Heidi is trying to do it all every day, including propose to her girlfriend on the day of the Lilac Festival. But her kids’ schedules, her contentious relationship with her ex-husband, and Heidi running late all threaten to derail her day. Nothing goes as Heidi wished it would and then her proposal is rejected.
Heidi gets caught not watching where she is going, which leads to her being helped by a woman she doesn’t know, but feels she should. And the woman is definitely someone Heidi wants to spend more time with. But Heidi’s one wish is to be able to do the day over again. This sends her on a seemingly endless loop of reliving the day where Heidi can make new choices. Each day gives Heidi another chance to steer things in a different direction and make her life work better, and that could include finding her own love story in the process.
The most recognized “reliving the day” story for me is the movie Groundhog Day and Every Time We Meet does seem to draw at least some inspiration from that story. When Heidi wakes up on day one, she is already running late. She has plans to propose to her girlfriend at the Lilac Festival and things are off from the moment she opens her eyes. The book then progresses through many passes of Heidi reliving almost the same day trying to get it right.
Here’s the issue I had with this book. I did not care for the way Heidi was portrayed and I felt like it wasn’t even her fault, but rather the story she was put in. Heidi had her first child at 18 and married her high school boyfriend. They went on to have two more kids and then their marriage fell apart and her ex is now remarried with a new baby. Everything was made out to be Heidi’s fault. She was chastised for being disorganized and late and all the things that went wrong that day were put down to Heidi being a mess and not having it together. While working full time, she was supposed to do all the scheduling for the kids while letting her ex know with plenty of time what help she needed, and when and if he could fit it into his schedule to help, he would. She was also supposed to somehow bond with the new wife who was shown to have nothing but contempt for Heidi. Now, of course there were areas Heidi could make improvements, but having every single thing be her fault every day was way way too much.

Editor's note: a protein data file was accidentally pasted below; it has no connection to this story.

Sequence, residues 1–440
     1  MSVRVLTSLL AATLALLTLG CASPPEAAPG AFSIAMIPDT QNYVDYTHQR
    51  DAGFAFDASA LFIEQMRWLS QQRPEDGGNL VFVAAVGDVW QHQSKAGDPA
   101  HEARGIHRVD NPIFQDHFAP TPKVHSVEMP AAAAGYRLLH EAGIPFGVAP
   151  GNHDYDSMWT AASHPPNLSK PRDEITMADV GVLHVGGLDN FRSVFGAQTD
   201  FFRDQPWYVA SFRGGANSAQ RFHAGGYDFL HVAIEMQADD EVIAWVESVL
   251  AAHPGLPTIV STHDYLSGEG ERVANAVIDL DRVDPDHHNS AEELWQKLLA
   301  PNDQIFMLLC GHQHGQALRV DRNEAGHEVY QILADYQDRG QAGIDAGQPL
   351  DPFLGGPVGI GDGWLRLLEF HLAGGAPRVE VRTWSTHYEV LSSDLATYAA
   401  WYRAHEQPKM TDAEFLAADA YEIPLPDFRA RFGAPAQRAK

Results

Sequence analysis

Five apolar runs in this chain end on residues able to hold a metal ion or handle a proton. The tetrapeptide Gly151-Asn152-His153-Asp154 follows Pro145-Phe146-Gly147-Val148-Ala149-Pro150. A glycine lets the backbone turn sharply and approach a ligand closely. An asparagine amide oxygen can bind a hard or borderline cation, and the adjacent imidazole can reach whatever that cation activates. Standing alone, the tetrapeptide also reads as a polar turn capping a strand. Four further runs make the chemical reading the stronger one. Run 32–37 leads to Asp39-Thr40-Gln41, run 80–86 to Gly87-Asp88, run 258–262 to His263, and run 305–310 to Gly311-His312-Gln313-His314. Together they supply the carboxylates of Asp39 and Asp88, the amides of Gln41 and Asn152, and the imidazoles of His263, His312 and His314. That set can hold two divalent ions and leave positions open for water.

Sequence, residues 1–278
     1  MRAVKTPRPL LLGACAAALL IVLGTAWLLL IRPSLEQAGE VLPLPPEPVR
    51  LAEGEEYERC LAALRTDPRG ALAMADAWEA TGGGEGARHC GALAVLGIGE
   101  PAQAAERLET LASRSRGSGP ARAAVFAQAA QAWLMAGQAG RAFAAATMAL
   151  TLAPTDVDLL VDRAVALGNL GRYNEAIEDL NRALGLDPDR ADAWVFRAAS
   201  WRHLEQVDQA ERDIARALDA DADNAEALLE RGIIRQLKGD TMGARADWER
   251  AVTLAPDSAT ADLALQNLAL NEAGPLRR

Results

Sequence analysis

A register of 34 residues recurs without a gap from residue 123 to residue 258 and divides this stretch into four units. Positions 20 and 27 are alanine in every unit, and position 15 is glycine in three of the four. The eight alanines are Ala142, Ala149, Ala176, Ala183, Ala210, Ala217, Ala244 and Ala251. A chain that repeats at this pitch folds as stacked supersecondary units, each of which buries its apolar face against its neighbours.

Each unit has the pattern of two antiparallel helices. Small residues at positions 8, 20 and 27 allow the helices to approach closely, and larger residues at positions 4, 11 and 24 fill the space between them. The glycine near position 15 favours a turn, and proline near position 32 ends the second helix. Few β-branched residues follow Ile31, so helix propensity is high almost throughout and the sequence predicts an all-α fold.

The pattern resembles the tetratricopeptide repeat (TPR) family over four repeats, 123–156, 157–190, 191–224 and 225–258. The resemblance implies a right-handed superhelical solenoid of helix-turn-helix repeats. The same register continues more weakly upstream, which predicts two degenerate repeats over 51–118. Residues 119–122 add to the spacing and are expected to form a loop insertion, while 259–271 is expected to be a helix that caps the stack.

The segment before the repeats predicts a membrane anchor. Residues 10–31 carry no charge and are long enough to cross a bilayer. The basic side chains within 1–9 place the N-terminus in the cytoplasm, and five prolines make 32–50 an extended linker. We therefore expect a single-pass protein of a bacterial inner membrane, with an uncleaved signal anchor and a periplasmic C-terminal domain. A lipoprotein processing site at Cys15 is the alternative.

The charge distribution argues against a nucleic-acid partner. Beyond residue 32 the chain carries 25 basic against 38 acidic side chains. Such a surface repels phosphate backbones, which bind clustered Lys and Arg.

The story also got a little repetitive as she was reliving the day nine times that we were shown. The basic premise stayed the same with Heidi making visible changes along the way, but one key player in Heidi’s story changed every day and that didn’t work for me at all. At the end, it wasn’t helpful to the story or clear for me what Heidi was supposed to learn from having a different person step into this role each day.
I would not consider this book a romance and although there are some romantic elements to Heidi figuring out a relationship for herself, it’s all seen in glimpses and there is no true relationship development.
The premise of Every Time We Meet intrigued me from the start, but the execution didn’t have the same follow through.